It may or may not be apocryphal, but the story goes that Ernest Hemingway once beat a bar bet that said he couldn't write a complete story in six words. His winning tale: "For sale, baby shoes, never worn."
Vine's six-second video loops are sort of like that, and—to a lesser extent—so is Instagram's new 15-second looping-video feature. And now two major automotive brands, Nissan and Honda, have joined the growing number of companies that are trying to figure out whether these latest new fragments of the social-mediasphere are worthwhile to promote their own aims.
Nissan is tapping both Vine and the new Instagram tool to promote the new Note version of its Versa compact. The car is aimed at "young, active Millennials who live life at the spur of the moment through their phone," as Erich Marx, director of social media and interactive marketing for Nissan USA, told brandchannel. As "the largest vehicle in its segment," he said, Versa Note provides them the best way to pile their friends and their stuff in the car and zoom off to the latest adventure.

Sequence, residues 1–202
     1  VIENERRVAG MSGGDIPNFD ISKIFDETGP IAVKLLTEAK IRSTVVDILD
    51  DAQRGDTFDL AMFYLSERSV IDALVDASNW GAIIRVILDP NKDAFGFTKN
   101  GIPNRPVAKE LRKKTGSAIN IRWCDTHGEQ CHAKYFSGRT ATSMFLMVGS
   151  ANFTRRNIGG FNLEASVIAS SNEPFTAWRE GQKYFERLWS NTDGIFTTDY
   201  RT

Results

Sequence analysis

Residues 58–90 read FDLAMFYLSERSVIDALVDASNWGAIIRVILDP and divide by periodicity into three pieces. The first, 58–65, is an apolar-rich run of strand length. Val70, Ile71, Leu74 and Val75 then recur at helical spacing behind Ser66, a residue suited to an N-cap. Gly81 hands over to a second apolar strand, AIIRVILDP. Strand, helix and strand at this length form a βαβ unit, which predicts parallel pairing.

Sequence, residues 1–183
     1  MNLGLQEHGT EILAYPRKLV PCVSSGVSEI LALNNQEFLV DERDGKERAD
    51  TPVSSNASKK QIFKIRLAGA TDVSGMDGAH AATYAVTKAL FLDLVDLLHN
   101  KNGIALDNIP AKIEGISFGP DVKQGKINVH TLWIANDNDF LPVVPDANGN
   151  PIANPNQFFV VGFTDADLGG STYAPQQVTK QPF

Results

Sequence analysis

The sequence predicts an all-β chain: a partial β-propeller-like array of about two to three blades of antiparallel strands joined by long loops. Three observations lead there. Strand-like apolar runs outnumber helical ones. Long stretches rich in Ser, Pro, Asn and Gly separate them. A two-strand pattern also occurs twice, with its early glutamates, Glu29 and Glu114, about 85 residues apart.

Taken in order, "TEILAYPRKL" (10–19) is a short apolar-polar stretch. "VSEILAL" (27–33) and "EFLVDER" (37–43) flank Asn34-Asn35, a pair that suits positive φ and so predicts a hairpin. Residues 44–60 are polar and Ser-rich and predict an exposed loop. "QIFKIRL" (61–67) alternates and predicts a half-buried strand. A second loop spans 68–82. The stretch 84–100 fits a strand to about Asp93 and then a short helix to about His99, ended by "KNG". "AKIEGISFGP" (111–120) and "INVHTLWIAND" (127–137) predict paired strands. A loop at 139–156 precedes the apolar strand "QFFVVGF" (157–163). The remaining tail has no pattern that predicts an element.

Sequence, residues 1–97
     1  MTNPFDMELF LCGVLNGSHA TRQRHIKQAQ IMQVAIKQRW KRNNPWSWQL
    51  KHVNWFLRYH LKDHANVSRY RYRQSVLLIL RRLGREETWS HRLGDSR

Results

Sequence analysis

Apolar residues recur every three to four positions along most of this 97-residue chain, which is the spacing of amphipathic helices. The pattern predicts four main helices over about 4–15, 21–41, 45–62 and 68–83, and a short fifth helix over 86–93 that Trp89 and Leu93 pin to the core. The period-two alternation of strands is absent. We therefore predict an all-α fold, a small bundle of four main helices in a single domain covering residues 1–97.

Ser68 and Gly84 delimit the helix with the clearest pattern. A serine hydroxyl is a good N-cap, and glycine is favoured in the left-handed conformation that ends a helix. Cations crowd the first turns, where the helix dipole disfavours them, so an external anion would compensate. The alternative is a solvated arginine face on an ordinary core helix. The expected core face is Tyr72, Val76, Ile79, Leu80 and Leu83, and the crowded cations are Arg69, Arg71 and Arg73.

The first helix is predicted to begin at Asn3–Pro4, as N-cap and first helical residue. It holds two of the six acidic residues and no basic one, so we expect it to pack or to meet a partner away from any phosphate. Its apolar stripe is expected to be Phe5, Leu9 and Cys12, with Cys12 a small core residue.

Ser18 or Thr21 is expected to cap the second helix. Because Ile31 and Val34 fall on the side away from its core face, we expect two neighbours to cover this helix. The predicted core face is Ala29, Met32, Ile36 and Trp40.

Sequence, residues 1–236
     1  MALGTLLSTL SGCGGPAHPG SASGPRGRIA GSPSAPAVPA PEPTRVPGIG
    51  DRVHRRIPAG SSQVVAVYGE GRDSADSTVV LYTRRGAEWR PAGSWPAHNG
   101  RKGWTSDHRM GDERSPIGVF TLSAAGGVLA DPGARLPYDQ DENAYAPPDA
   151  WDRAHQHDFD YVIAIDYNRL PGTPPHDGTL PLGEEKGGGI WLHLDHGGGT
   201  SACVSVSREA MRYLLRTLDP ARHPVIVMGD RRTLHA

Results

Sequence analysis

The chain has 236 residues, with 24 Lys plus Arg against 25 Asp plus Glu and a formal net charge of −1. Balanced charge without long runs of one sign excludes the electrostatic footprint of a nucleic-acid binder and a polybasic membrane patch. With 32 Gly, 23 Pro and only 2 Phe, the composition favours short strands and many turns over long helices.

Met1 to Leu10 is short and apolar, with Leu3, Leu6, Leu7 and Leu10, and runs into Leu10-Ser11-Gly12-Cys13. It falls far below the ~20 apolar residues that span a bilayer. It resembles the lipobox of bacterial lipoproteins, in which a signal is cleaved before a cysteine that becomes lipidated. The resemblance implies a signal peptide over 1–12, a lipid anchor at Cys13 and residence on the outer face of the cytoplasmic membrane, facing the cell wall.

Vine fits that peripatetic mode. A website offers printable variations of Versa Note cutouts that people can use to make Vine and Instagram videos, and some users will see their creatives in the car's new ad campaign, on TV or online video.
"I love the fact that this is a bit of a real-world lab experiment" about which new social-media platform is best, commented Marx. "Frankly, I think it's a bigger challenge making 15 seconds of watchable content than six seconds of compelling content."
Meanwhile, Honda is sticking with Vine only to assist its annual US summer-clearance event this year for the entire fleet. Responding to tweets with hashtag #wantnewcar on Monday, Honda posted live, customized Vine videos. The hashtag saw 6,895 Twitter mentions from 5,617 users with 14.8 million estimated Twitter impressions. The word "Honda" received an estimated 247 million impressions between July 14 and Tuesday morning, the company told brandchannel.
Some of the Vine responses were aimed at "pre-tweets" and so were pre-shot, such as one Vine that addressed a tweet in which a consumer wanted a new Honda because his car was a "dinosaur"; the Honda Vine video showed a toddling toy dinosaur. Spontaneously produced Vine videos on Monday included one that showed a prize of a $100 Starbucks gift card for a winning tweet.
"We knew it would be fun and engaging, and we just really wanted to see where we could go with it," Susie Rosick, senior manager of regional marketing for American Honda, told brandchannel. "But it's scary. You wonder where the attention span of [the average] 17-year-old will be 10 years from now."